Tuesday, May 27, 2014

The Bible and the Wesleyan Quadrilateral

Here is my sermon from Sunday.  The text was 2 Timothy 3:14-4:5:

When I asked what people wanted me to talk about after Easter, I received several questions about the Bible, and so that is what we are going to be looking at today.  If you were coming for an uplifting sermon, you’ll have to come back next week, because today is more about me teaching then about explicating scripture.  I cannot cover everything today nor am I even going to try.  I’ve often thought about trying to create a sermon series to talk about the Bible itself, but in my initial thoughts I haven’t figured out yet how to do that, but perhaps some time in the future, especially if there is a clamoring for it, although after today you might also hope I never come back to this information.

All of us have assumptions that we make about the Bible, some of them correct but unfortunately many of them incorrect.  Many want to treat the Bible as if it’s a simple book to read, when in fact it’s not.  There are some extremely difficult passages that we encounter, and we even read in 2 Peter, talking about Paul’s letters, “There are some things in them that are hard to understand,” and these difficulties were leading some people astray.  (2 Pet 3:16)  And while the Bible might be the bestselling book of all time, it is one of the least read books as well.  As someone recently posted on Facebook, we treat the Bible like we do software licenses, we don’t read it, we simply scroll to the bottom and click “I agree.”  If we are serious about the Bible, then we actually need to take it seriously, which means we need to pick it up and read it.  We also need to be very aware of what we bring to scripture when we read it, that influence what we find.  In the passage we just heard from 2 Timothy, we are told that all scripture is inspired by God, an idea that we will have to come back to, but what scripture is he referring to?  It’s only the Hebrew scriptures, because the New Testament doesn’t exist yet, but I’m sure most of us don’t think of that when we read or hear that passage.

Friday, May 23, 2014

High Cost of Conservation

Albuquerque, where I live, is currently in the middle of a major drought, as is most of the Southwest, and everyone has been called on to try and conserve as much water as possible.  Apparently consumers took this seriously, and water usage dropped 9% last year.  As a result, the water authority ended up with a deficit because people didn't use enough water to cover the budget they had passed.  And so the water authority just authorized a rate increase of 5% in order to cover the budget deficit.  This follows a 5% rate increase from last year as well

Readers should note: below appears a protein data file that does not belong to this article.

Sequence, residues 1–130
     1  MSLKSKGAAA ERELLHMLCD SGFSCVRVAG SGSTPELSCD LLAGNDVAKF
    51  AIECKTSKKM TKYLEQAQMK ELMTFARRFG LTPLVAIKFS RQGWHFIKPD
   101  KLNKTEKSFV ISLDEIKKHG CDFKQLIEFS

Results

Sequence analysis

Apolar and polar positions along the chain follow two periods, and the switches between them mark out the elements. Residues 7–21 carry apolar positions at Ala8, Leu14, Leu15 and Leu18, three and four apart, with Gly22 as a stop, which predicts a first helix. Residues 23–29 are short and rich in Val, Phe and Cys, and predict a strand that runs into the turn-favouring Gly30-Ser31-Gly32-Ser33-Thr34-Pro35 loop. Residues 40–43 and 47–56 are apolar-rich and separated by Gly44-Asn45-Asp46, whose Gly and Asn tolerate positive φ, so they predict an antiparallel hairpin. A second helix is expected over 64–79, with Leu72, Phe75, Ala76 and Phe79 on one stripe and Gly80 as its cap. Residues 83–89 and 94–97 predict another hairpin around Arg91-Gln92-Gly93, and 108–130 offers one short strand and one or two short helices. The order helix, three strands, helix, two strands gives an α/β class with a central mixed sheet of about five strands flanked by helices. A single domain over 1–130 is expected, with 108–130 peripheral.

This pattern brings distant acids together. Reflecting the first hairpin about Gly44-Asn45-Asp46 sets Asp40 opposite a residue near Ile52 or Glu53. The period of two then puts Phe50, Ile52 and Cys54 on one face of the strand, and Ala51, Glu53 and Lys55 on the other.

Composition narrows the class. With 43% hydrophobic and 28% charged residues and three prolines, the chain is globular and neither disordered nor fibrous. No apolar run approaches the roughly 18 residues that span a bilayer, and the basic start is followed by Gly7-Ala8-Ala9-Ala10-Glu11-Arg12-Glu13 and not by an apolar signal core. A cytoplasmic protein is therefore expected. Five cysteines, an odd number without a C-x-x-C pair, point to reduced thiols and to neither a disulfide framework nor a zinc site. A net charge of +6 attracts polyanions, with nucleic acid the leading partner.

People are using less water, which is a good thing, and now are going to be charged more for the lower amount of water they are using.  What is the message we are actually conveying about the need and the benefits of conserving?

Wednesday, May 21, 2014

Sheep and Goats

Here is my sermon from Sunday.  The text was Matthew 25:31-46:

As Protestants we believe that we are saved by faith alone.  That is that there is nothing we can do to merit God’s grace, that it is given to us unconditionally and without price.  God’s grace is freely poured out for us.  As United Methodists we also believe that we can either choose to accept or to reject this grace, and all that goes with it, but it is still God’s grace that saves us.  But then we have this passage which on its face may be seen as saying something else entirely.  While I don’t know why someone asked me to preach on this particular passage, I suspect that it might be because of the message the story seems to imply that by doing good works we can earn bonus points, as it were, that will reap us eternal rewards.  This is known as works righteousness, that we are made righteous through what we do, and this struggle between works and grace has been a major sticking point between Protestants and Roman Catholics since the time of the Protestant Reformation.

There are five sections of dialogue in Matthew which are interspersed between narrative sections, so that it goes narrative, discourse, narrative, discourse, narrative, etc.  The last discourse discusses judgment and right living.  It begins with a diatribe of woes against the Pharisees and scribes, in which we are told that we should basically do as they say not as they do.  This series of woes sort of bookends the discourses, because the first discourse is the Sermon on the Mount, which contains the blessings, but we end with these woes.  Then the last thing that Jesus teaches the disciples, and thus us, in the Gospel of Matthew is the passage we just heard, as immediately after this Jesus and the disciples begin their last journey to Jerusalem.